Screenshot courtesy of Ludeon Studios –

Those are just the most visually similar examples. I also own an unplayed copy of Oxygen Not Included, and a bunch of other colony sims and base builders in various settings that I’ve never touched. That’s in addition to Rimworld, which I played obsessively for over 200 hours, and the classic space station colony sim, Space Colony, which I have now purchased three separate times.

Screenshot courtesy of Firefly Studios –

Putting aside for a moment how bad I am at actually playing the things I buy, I can’t imagine that I’m the only one who keeps searching for what basically amounts to the same game over and over. Sure, the details are different, but I expect the play style and process behind all of these titles is pretty similar. This one I can clearly trace back to its roots – the hours upon hours I put into Space Colony when it was fresh and new.

Is there any game you keep buying different iterations of?

Quick Look – Distortions – #MusicGameMay

I picked up Distortions in a $4 IndieGala bundle back in March of 2019, added it to my Steam library because it looked cool, and promptly forgot all about it until I was looking for something to play for #MusicGameMay. Sure, reviews were mixed, but I can forgive a lot of rough edges on an otherwise lovely game. And watching the trailer, it looked like it was going to be absolutely lovely.

However, a little over two hours in, and I have to officially say I’ve given up. This was such an ambitious undertaking for a small indie studio (only four people according to the dev in a discussion thread on Steam), and knowing that, it’s not surprising that it didn’t completely come together. But what they did right, they did so very very right.

I was absolutely willing to trade a somewhat clunky character model for the breathtaking vistas you get throughout the game. I took so very many screenshots while playing because it was just that pretty. The music, and honestly, the sound in general, is also spot on, which made it easy to forgive the rough patches in the translation.

I went in being most concerned about my ability to keep up with the actual musical part of the game. I can’t sight read music, and my rhythm chops are … well … basically chop-less. However, once I overcame the initial awkwardness of the keybinds, even playing the violin felt good.

Unfortunately, not much else did.

Movement is mostly hindered by the constant perspective changes – from first person to third, then to top down, and occasionally even to 2D sidescrolling. The camera is adjustable, until it’s suddenly not, and control is wrested away (and given back) almost randomly. You can sprint when necessary, as long as it’s not necessary for more than a couple of seconds, because your character gets winded fast. It’s almost never clear where the game expects you to go next.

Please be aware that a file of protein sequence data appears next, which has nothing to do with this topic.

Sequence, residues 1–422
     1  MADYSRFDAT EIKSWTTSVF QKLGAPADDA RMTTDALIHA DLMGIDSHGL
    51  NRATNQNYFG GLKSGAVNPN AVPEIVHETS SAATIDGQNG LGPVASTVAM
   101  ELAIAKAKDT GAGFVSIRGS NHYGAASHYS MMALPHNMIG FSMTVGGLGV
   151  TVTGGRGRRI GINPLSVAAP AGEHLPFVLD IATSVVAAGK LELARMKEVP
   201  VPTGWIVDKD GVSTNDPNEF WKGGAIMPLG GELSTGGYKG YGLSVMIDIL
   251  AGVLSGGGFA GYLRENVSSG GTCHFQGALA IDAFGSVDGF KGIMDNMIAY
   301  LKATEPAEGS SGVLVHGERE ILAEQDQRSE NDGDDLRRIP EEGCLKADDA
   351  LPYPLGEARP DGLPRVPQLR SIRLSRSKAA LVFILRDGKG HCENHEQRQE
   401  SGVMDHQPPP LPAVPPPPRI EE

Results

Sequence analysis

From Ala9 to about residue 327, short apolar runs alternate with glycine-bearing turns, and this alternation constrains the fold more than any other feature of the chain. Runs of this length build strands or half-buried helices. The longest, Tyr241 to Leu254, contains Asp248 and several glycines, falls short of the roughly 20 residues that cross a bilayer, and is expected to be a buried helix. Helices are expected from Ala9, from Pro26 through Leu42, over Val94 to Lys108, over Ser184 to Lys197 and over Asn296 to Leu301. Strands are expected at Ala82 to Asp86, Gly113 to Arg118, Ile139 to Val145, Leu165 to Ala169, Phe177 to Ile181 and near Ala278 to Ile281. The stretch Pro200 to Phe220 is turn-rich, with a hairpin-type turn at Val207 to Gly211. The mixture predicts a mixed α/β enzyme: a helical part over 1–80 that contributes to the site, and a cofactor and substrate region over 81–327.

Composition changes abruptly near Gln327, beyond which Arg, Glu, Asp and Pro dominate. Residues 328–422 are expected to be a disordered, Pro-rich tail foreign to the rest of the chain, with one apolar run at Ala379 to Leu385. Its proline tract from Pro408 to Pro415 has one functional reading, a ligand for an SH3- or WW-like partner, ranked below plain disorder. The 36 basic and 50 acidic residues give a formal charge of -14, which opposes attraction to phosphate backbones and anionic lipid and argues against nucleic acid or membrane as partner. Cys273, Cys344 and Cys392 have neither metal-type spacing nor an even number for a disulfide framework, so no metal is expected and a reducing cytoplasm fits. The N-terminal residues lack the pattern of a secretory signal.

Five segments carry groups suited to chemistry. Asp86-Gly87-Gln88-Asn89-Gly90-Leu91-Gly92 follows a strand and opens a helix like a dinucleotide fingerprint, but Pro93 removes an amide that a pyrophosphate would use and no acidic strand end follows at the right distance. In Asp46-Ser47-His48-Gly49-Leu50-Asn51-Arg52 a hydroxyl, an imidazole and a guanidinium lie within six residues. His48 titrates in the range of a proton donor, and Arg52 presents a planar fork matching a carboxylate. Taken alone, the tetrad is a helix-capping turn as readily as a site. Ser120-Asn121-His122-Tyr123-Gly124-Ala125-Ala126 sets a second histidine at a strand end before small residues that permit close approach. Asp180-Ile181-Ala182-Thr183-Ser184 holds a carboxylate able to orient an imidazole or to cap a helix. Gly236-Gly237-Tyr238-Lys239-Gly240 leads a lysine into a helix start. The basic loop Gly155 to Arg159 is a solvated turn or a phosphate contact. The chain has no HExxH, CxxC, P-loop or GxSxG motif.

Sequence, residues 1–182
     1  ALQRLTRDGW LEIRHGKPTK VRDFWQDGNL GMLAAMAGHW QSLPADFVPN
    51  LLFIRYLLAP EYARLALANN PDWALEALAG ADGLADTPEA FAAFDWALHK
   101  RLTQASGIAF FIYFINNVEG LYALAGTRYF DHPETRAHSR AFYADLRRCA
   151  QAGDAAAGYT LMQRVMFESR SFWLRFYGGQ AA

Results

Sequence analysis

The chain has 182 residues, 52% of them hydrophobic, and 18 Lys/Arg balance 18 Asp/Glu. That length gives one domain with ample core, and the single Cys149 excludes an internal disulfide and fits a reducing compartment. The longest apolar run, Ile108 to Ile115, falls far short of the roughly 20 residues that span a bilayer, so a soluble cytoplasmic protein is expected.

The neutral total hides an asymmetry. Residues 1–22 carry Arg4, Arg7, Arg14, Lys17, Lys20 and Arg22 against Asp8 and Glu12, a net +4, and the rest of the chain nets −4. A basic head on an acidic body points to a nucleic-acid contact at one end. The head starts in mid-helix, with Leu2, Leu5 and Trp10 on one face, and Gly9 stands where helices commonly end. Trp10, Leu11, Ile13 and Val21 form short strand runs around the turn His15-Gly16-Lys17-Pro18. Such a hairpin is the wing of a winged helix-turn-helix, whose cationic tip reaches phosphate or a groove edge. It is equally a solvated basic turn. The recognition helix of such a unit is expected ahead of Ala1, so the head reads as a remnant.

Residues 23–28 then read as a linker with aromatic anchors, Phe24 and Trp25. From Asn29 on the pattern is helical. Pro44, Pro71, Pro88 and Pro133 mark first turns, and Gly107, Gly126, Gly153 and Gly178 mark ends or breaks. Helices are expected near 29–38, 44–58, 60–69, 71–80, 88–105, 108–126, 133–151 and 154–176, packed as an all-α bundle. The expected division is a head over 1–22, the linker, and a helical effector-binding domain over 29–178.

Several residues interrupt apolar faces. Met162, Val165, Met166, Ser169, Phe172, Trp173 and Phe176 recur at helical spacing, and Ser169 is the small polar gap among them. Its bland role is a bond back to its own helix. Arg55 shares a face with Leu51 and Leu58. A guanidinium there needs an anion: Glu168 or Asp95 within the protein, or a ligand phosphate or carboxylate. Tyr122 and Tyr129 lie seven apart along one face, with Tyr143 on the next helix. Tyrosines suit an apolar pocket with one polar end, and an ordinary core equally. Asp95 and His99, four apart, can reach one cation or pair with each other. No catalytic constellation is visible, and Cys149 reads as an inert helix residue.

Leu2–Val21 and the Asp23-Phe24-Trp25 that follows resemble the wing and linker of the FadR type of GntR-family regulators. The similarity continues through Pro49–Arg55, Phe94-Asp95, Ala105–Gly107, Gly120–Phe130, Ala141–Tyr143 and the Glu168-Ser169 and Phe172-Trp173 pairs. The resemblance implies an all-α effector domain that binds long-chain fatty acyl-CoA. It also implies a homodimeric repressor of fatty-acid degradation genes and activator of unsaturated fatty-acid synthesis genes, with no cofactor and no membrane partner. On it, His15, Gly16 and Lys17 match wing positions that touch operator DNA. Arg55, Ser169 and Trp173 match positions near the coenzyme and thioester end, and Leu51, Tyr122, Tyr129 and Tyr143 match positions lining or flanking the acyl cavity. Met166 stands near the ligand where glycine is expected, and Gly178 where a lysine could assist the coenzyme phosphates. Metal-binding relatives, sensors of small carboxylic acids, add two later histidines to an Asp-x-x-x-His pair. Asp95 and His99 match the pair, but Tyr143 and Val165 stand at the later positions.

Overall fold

And yet, I wanted to keep playing. But as you enter into the second part (of how many, I cannot tell you for sure), all of a sudden, this linear adventure with light platforming and even lighter rhythm segments goes in a more open-worldy sort of direction, and I was lost.

I knew I needed to collect more music fragments to learn more songs, but I couldn’t figure out where I needed to go. Now, I have no sense of direction, so I fully admit this might be a me problem. I managed to navigate a section which I believe was the Shadowy Forest and unlock the ability to play notes in the wild to solve puzzles, but only narrowly. I bumbled around, eventually finding another song, but once I played it, I couldn’t figure out how to use the wall that it summoned. I was both flummoxed and frustrated and I knew I’d had enough.

Once I exited the game, I did something I almost never do. I went looking for a commentary-free play through. Sadly, I found that the same things that make Distortions un-fun to play also make it not terribly enjoyable to watch (not to mention, the need to pause the video when journal pages are discovered, since neither play through I found left them open long enough to actually read).

Usually, I have no qualms tossing a game a side when it isn’t for me for whatever reason, but this time, I’m doing so with a small measure of regret and disappointment. This could have been great – I think it would have absolutely found an enthusiastic audience if it were a more linear walking sim, maybe sprinkled with music puzzles. I want to read all the journal pages (and am actually considering picking up the reasonably priced DLC on offer to do just that).

I feel like the creators of this game had a very solid vision of how the story should be told, combining exploration, collectibles, puzzles, stealth, and platforming, but when it all comes together, it doesn’t hold up. It’s heartbreaking, because the art and the sound are so well done, and the story was – at least for me – compelling enough that I want to see it through, but I just can’t.

I will, however, keep an eye out for whatever Among Giants does next, assuming they don’t let poor reviews keep them down. And I may still watch the cutscene movie that YouTuber TheBlueDragon put together, and just relax into it and watch it an arthouse film in a language I don’t speak.

Tackle Your Backlog with GamesGraph

I will admit, I am spoiled for choice with my gaming library, but that’s not always a good thing. I frequently spend more time poking around looking for something to play next than actually playing anything. So I’m always intrigued by sites that claim to be able to help me decide what to play.